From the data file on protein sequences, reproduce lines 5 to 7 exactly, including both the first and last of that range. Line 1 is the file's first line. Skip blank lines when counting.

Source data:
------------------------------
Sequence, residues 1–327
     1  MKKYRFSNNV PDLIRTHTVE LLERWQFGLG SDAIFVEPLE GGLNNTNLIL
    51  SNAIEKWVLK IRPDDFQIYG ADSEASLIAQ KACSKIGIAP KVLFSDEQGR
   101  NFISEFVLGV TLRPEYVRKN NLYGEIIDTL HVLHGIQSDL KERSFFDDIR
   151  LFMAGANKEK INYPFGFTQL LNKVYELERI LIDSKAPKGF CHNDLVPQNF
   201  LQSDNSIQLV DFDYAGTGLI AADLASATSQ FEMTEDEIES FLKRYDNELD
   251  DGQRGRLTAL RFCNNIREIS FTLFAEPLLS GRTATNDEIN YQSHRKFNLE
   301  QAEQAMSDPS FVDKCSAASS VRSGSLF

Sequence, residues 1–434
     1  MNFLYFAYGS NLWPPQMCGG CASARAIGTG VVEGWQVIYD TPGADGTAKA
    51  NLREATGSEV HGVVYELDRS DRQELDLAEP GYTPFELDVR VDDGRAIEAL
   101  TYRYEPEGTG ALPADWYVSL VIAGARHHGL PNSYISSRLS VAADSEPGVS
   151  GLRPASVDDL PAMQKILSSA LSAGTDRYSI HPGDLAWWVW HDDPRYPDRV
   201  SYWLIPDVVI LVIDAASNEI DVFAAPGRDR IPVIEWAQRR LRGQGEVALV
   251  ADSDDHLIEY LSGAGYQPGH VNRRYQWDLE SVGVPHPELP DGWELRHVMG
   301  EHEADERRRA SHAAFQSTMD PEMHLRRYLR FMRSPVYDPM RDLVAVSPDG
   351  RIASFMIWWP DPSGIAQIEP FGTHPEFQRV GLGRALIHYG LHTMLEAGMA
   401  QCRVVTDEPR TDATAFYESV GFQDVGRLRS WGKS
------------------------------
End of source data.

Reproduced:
   151  LFMAGANKEK INYPFGFTQL LNKVYELERI LIDSKAPKGF CHNDLVPQNF
   201  LQSDNSIQLV DFDYAGTGLI AADLASATSQ FEMTEDEIES FLKRYDNELD
   251  DGQRGRLTAL RFCNNIREIS FTLFAEPLLS GRTATNDEIN YQSHRKFNLE